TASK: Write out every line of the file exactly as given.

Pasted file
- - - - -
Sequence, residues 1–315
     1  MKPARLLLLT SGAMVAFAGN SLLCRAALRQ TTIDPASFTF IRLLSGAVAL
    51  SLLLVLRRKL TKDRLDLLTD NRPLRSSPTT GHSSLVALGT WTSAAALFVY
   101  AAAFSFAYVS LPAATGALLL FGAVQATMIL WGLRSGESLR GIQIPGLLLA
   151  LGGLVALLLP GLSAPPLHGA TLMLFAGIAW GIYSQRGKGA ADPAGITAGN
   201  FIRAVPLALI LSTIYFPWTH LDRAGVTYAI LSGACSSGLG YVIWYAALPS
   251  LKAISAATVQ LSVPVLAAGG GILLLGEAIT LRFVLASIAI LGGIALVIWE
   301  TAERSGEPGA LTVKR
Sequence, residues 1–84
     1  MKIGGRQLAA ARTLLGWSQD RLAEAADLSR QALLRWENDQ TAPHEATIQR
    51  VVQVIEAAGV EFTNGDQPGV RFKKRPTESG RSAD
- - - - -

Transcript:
Sequence, residues 1–315
     1  MKPARLLLLT SGAMVAFAGN SLLCRAALRQ TTIDPASFTF IRLLSGAVAL
    51  SLLLVLRRKL TKDRLDLLTD NRPLRSSPTT GHSSLVALGT WTSAAALFVY
   101  AAAFSFAYVS LPAATGALLL FGAVQATMIL WGLRSGESLR GIQIPGLLLA
   151  LGGLVALLLP GLSAPPLHGA TLMLFAGIAW GIYSQRGKGA ADPAGITAGN
   201  FIRAVPLALI LSTIYFPWTH LDRAGVTYAI LSGACSSGLG YVIWYAALPS
   251  LKAISAATVQ LSVPVLAAGG GILLLGEAIT LRFVLASIAI LGGIALVIWE
   301  TAERSGEPGA LTVKR
Sequence, residues 1–84
     1  MKIGGRQLAA ARTLLGWSQD RLAEAADLSR QALLRWENDQ TAPHEATIQR
    51  VVQVIEAAGV EFTNGDQPGV RFKKRPTESG RSAD